(AMERICA MAGAZINE) -- Two skulls interrupted my walk in Rome. Three times larger than their natural size, with hollow eyes and missing teeth, they were carved in stone on the facade of a building. Passersby stared, and I waited in a group of them to take the same picture everybody took: the grey skulls framing the door, a flying hourglass above their heads. This was the oratory of Santa Maria dell’Orazione e Morte: Holy Mary of Prayer and Death. Other Catholic churches were named for saints, places or people, but this one was named for its purpose, hinted at by the symbols looming above us.
During the day people occasionally tried the front door, but it was locked. But in the evenings, a small side door was open infrequently, at unpublished hours. I walked past it every night until I found it open. Near the entrance was a plaque, an engraving of a skeleton with feathered wings unfurling a banner: hodie mihi, cras tibi. “Today me, tomorrow you.” I entered unescorted into a small room at the bottom of the stairs. Here, I was surrounded by shelves and altars made of bones.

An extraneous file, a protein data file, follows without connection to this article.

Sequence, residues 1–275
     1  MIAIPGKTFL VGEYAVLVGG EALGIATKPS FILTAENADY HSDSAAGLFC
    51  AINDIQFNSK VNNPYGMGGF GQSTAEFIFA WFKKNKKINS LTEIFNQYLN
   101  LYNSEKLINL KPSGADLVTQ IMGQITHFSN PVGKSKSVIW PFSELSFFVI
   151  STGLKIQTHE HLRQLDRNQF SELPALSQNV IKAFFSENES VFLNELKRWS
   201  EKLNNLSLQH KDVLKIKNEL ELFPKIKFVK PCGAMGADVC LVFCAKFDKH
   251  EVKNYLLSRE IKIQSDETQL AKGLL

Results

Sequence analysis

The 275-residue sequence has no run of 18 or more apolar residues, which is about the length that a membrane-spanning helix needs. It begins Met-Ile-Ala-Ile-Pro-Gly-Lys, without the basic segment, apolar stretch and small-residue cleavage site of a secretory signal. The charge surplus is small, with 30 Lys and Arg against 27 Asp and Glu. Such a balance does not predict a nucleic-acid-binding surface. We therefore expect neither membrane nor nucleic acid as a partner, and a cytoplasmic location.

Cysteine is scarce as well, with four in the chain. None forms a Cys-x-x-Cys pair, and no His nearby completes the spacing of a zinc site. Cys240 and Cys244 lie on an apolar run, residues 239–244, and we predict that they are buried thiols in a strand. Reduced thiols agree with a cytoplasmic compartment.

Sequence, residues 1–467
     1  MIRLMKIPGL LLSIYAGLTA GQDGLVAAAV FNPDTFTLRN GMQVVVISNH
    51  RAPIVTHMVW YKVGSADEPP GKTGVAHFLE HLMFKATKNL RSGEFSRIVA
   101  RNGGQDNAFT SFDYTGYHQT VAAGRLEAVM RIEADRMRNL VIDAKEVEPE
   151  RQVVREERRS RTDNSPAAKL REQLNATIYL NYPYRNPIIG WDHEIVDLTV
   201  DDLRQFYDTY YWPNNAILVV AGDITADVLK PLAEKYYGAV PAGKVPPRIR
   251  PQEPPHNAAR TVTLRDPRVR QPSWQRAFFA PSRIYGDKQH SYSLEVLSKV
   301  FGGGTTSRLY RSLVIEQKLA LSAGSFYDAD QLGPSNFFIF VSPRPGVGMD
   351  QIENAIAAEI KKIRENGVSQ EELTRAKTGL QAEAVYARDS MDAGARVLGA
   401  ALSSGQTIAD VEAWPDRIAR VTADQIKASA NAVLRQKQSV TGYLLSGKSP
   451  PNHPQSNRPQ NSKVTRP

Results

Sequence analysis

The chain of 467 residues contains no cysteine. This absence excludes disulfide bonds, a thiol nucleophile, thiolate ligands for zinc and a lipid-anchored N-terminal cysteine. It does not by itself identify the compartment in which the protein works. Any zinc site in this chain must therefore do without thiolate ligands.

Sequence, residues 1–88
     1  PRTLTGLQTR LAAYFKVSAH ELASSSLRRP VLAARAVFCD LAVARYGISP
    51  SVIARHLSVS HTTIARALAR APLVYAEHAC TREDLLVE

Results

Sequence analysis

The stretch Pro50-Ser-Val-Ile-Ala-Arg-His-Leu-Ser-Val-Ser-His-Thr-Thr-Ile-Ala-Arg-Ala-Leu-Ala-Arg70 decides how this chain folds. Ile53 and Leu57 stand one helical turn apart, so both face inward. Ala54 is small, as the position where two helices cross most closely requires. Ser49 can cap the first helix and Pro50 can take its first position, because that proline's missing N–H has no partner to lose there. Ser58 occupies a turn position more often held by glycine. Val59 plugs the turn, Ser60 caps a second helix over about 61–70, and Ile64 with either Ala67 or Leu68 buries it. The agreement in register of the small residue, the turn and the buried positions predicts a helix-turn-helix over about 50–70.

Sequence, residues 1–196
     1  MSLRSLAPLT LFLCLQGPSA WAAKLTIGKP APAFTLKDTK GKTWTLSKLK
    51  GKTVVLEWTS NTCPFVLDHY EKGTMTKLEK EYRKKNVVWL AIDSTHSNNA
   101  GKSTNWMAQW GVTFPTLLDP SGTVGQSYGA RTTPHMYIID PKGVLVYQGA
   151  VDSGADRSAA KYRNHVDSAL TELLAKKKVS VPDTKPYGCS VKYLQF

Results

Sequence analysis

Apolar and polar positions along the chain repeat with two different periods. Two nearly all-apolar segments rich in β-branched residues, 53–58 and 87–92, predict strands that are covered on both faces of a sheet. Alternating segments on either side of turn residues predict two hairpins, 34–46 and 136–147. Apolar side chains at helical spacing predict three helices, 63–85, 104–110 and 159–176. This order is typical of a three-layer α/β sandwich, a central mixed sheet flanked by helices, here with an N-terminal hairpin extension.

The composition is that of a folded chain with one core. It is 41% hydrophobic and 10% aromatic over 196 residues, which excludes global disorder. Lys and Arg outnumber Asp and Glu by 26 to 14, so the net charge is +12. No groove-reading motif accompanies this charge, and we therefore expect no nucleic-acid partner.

Human bones are not particularly difficult to see in Rome. The famous Capuchin crypt is a short drive away, and it costs less than 10 euros to enter. It is famously macabre; and as in the Paris catacombs, you walk through in a line with other tourists. Famous visitors have included Nathaniel Hawthorn, Mark Twain and, naturally, the Marquis de Sade. In room after room you can see the bones of 3,700 friars worked into architectural niches of thighs and floral arrangements of pelvises.
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